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Warm weather forced Iditarod farther north

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In this photo taken Thursday, March 5, 2015, are bare patches of grass and mud on sled dog trails in Anchorage, Alaska. Warm weather and barren trails south of the Alaska Range prompted race officials to move the official start of the race from the greater Anchorage area to Fairbanks, Alaska. (AP Photo/Mark Thiessen)ANCHORAGE, Alaska (AP) — Much of the start of the world's most famous sled dog race is covered in barren gravel, forcing Iditarod organizers to move the start further north where there is snow and ice.


Bubbles from glacier ice turn up the noise in Alaska fjords

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In this photo taken May 14, 2009 and provided by the University of Washington, is the deployment of a hydrophone in Icy Bay, Alaska. Glaciologist Erin Pettit began a research project to find out what calving glacier ice sounded like to a humpback whale. The sound of the ice in the water turned out to be more interesting. Acoustic research in Alaska’s Icy Bay and other glacier ice-filled waters found that the fizz created by the release of air bubbles under high pressure makes fjords with glacier icebergs the noisiest places in the ocean. (AP Photo/University of Washington, Jeffrey Nystuen)ANCHORAGE, Alaska (AP) — Glaciologist Erin Pettit began a research project to find out what humpback whales heard when a big piece of ice falls from a glacier and crashes into the ocean. But the sound generated by ice drifting in the water turned out to be just as interesting.


LGBT anti-discrimination bill passes Utah test

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Eric Moutsos, center, the former Salt Lake Police officer who was placed on leave and later resigned for not wanting to ride his motorcycle in the Salt Lake gays pride parade for religious reasons, shakes hands with Sen. Stuart Adams, R-Layton, left, while Sen. Jim Dabakis, D-Salt Lake City, looks on during a committee hearing Thursday, March 5, 2015, in Salt Lake City. A landmark Utah proposal protecting gay and transgender individuals passed its test at the state Legislature Thursday when lawmakers on a Republican-controlled Senate committee offered their unanimous and at times emotional support of the measure. (AP Photo/Rick Bowmer)SALT LAKE CITY (AP) — A Republican-controlled Senate committee in the Utah Legislature offered its unanimous and at times emotional support for a proposal to protect gay and transgender individuals as the landmark measure passed its first test.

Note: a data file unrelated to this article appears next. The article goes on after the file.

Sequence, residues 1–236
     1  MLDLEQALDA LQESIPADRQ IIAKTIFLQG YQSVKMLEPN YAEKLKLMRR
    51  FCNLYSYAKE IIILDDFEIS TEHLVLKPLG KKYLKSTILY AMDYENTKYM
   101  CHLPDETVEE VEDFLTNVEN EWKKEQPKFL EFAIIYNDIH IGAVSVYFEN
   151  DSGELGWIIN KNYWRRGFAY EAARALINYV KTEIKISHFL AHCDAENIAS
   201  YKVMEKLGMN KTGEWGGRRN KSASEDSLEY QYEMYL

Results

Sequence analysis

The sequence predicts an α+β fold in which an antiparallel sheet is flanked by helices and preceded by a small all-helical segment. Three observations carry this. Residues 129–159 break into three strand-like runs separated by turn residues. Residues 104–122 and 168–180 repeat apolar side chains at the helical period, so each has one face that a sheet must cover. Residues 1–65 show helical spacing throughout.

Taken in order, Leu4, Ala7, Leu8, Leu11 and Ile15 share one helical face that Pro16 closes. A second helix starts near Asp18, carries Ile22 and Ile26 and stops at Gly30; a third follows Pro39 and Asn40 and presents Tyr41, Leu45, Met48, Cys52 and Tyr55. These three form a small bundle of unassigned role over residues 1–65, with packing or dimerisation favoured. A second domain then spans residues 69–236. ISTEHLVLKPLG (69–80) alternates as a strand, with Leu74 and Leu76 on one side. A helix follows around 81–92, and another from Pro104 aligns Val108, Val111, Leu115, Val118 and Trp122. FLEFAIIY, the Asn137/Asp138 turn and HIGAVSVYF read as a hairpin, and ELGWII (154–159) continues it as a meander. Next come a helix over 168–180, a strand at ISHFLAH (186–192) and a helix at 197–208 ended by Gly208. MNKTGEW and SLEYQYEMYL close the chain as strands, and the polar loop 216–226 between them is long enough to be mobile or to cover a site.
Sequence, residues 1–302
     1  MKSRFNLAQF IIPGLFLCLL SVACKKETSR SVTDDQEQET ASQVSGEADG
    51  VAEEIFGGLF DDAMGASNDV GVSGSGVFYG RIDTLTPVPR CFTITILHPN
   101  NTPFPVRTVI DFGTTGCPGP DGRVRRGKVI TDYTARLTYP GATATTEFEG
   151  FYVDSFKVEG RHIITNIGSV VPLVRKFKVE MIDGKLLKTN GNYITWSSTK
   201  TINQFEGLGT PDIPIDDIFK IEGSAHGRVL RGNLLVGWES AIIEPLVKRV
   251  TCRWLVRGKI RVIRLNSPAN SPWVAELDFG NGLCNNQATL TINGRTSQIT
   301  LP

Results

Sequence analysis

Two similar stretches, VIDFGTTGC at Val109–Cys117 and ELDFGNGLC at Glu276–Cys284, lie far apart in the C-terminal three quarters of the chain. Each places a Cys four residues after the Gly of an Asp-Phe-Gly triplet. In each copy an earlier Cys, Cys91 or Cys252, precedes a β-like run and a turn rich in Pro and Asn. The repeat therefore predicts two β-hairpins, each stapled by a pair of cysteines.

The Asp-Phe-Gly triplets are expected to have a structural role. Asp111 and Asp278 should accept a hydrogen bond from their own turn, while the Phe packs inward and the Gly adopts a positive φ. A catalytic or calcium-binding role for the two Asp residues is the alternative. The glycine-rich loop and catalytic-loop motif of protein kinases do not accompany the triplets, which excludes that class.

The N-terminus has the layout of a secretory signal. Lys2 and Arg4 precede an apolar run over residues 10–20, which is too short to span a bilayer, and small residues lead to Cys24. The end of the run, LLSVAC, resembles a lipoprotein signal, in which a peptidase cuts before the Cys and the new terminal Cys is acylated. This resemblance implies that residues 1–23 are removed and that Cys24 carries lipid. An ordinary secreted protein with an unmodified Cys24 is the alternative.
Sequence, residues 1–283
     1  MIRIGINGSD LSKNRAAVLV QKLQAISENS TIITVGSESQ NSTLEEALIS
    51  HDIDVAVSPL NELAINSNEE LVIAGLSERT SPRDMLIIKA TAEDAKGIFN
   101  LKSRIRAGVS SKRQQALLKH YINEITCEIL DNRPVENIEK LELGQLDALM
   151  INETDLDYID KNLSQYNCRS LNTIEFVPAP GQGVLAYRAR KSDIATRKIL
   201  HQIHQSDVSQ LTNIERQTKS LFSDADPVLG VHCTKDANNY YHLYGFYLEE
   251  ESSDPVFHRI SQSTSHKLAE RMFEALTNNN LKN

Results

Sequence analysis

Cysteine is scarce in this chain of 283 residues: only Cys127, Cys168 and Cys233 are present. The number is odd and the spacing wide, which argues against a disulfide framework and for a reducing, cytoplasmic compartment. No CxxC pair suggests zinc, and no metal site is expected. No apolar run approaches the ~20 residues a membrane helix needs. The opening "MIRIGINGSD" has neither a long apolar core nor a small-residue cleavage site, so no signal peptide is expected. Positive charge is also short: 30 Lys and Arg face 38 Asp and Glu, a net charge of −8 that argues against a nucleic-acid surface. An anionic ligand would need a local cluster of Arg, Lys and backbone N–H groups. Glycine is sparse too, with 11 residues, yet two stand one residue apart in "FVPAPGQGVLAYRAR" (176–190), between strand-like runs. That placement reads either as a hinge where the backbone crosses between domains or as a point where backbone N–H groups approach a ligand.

Osborne admits RBS error and calls for early sale -FT

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British Chancellor of the Exchequer George Osborne delivers a speech on the UK economy to the Royal Economic Society at the Bank of England in London"When I say 'get rid of it', I mean put it into the good hands of the private sector", Osborne said in an interview with the FT. Osborne was not looking to follow a "Tell Sid"-type privatisation model for the sale of the taxpayer's stake in RBS, after rejecting this approach when the government sold Lloyds Banking Group Plc , the FT added. Osborne was referring to the "If you see Sid ... Tell him!" advertisements to promote the 1986 privatisation of British Gas. Royal Bank of Scotland is open to reduce the size of its investment bank as an attempt to increase the bank's value, the newspaper said.


3 tell of gruesome injuries, death at Boston Marathon

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In this courtroom sketch, Dzhokhar Tsarnaev, center, is depicted between defense attorneys Miriam Conrad, left, and Judy Clarke, right, during his federal death penalty trial, Thursday, March 5, 2015, in Boston. Tsarnaev is charged with conspiring with his brother to place two bombs near the Boston Marathon finish line in April 2013, killing three and injuring 260 people. (AP Photo/Jane Flavell Collins)BOSTON (AP) — A woman who lost a leg in the Boston Marathon bombing described feeling as if she were in a horror movie: wounded people all around her, including someone covered with soot, dazed and "walking around like a zombie."


Greek PM seeks EU talks after ECB snub

Yahoo News -

Greek Prime Minister Alexis Tsipras has requested a meeting with European Commission chief Jean-Claude Juncker, after Athens got no help from the European Central Bank to address a cash squeezeGreek Prime Minister Alexis Tsipras has requested a meeting with European Commission chief Jean-Claude Juncker, a government source said Friday, after Athens got no help from the European Central Bank to address a cash squeeze. "The prime minister called Mr Juncker to arrange a meeting next week," a government source said. German daily Sueddeutsche Zeitung had earlier reported that Tsipras had wanted to see Juncker today, but his request was turned down.